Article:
By Marian Taliaferro - Digital Scholarship Librarian
October 21 is the start of Open Access Week, that time every year when we salute all things open access. “What is open access,” you say? According to Peter Suber, in the scholarly communications office at Harvard and one of the foremost champions of open access (OA), “Open-access literature is digital, online, free of charge, and free of most copyright and licensing restrictions. What makes it possible is the internet and the consent of the author or copyright-holder.” This year, W&M Libraries is focusing on Open Education Resources (OER), which are freely accessible, openly licensed text, media, and other digital assets that are useful for teaching, learning, and assessing as well as for research purposes. If you have a professor who's adopted a truly free, online textbook then you've experienced using OER.
Libraries and academic institutions across the country are becoming more aware that the cost of textbooks and other course materials each semester can be painful for students to bear. Even those “reduced cost” online rentals or used print versions add up, and the online books go "poof" once the class ends. Textbook (and tuition) costs nationally have risen over the years in a far faster rate than inflation. Currently, the national average stands at $600 per semester for a student to purchase all of their required course materials. In an effort to help, more openly-licensed textbooks are increasingly being created, adapted and adopted by faculty in order to save students money. Thankfully, there is funding available to faculty in Virginia for adopting, adapting and writing OER. Several W&M faculty have already adopted OER for their courses.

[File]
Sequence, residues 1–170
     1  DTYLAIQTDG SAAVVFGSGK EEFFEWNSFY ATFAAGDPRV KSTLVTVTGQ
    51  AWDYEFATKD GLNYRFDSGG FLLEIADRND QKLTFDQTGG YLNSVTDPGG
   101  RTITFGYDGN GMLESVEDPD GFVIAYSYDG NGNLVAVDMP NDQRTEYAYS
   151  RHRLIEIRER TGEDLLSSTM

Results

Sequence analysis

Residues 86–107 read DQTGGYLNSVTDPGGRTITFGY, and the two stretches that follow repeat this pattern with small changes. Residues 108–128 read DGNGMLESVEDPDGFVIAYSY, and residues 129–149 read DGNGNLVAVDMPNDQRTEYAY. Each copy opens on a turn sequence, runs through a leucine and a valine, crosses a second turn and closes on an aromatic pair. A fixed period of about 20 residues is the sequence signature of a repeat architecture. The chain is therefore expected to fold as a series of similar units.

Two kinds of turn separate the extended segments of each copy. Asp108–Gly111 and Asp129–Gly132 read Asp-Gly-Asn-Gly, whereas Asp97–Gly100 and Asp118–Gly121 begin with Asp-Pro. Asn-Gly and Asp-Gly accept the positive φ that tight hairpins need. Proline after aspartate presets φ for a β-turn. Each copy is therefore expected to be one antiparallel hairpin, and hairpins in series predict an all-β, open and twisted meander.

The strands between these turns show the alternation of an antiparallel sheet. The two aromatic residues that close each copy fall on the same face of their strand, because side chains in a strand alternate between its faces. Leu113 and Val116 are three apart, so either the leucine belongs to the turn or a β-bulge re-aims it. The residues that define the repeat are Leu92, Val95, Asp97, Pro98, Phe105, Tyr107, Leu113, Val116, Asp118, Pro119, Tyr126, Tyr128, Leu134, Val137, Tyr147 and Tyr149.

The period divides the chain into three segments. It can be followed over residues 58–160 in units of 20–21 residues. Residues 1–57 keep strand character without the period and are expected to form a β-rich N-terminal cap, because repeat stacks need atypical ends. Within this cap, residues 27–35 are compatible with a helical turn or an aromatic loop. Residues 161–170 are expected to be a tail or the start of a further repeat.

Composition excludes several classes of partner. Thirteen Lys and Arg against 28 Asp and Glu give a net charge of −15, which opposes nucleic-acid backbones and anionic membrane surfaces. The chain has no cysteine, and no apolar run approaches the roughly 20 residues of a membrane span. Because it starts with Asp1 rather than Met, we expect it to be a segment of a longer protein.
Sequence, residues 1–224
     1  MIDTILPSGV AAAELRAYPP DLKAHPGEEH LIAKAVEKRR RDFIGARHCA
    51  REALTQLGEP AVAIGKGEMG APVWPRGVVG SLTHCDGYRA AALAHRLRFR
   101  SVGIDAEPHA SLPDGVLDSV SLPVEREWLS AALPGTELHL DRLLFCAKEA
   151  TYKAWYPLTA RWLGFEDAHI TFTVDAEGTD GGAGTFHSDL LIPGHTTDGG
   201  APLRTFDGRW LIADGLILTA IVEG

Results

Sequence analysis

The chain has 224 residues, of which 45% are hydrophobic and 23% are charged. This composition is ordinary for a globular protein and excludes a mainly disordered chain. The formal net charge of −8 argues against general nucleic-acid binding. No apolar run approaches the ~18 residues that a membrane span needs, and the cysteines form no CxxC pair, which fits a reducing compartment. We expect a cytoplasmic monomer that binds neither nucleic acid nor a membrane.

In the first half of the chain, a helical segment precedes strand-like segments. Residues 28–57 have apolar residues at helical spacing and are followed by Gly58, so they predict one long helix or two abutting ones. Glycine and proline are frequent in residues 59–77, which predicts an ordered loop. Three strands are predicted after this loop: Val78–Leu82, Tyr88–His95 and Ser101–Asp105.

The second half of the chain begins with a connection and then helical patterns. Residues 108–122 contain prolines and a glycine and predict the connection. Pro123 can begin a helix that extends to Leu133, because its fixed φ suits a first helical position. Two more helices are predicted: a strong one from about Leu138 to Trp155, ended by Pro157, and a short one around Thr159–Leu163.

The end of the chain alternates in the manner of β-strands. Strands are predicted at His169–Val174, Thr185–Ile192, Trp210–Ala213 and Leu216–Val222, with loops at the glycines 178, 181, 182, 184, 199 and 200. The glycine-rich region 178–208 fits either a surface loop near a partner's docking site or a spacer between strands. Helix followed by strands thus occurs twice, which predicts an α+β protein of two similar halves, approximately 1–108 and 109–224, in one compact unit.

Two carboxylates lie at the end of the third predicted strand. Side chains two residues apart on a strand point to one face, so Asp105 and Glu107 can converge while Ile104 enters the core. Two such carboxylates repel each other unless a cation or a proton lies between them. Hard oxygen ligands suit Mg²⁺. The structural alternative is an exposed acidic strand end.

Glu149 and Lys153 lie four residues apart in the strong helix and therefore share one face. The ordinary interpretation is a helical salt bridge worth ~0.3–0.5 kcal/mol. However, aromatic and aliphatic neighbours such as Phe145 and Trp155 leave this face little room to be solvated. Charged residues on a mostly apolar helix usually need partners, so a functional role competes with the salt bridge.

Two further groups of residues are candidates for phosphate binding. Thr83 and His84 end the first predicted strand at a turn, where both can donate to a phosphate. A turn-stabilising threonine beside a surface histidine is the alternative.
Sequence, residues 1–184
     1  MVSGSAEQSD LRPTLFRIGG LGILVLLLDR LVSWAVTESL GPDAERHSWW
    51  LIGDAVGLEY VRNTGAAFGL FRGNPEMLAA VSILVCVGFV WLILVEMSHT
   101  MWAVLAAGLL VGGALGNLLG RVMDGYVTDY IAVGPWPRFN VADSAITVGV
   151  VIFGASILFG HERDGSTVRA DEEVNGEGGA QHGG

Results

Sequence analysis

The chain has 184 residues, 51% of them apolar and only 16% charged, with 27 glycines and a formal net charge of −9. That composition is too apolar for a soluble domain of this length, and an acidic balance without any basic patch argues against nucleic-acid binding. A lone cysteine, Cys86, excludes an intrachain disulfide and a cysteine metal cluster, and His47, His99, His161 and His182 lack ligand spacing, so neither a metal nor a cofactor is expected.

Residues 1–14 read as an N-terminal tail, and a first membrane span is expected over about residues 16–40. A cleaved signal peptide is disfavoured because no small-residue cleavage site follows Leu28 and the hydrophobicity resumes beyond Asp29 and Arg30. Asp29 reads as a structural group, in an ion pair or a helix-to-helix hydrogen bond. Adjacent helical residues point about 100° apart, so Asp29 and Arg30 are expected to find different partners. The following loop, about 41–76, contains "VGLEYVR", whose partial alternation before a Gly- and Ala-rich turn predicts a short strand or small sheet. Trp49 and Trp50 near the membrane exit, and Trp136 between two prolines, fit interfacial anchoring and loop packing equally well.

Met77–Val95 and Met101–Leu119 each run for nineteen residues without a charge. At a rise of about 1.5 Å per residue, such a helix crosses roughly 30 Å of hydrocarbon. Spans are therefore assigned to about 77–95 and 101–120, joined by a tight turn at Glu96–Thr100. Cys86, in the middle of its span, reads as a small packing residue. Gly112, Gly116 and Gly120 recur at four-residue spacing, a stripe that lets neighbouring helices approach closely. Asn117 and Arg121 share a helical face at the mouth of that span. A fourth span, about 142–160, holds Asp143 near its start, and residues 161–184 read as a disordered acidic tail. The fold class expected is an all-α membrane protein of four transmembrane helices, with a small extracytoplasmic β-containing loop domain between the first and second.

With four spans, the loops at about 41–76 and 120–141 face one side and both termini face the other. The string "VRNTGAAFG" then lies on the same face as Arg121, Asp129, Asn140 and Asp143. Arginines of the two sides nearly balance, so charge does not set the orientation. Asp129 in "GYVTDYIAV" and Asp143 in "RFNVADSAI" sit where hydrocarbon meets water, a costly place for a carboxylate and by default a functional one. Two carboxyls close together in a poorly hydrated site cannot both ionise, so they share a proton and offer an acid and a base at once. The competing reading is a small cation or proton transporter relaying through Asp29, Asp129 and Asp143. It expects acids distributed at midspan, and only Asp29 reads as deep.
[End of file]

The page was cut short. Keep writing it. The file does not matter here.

Due to recent state legislation, W&M students next year will be able to determine when they go to search for classes through Banner whether no-cost or low-cost (under $40) course materials have been selected for those courses. For right now, they can see the textbooks adopted (if communicated to the bookstore) for courses in spring 2020. Once registered, they can also link via Banner to information on adoptions in their courses. If you're a student who's interested in resources on textbook affordability, you can read more on our Textbook Affordability website.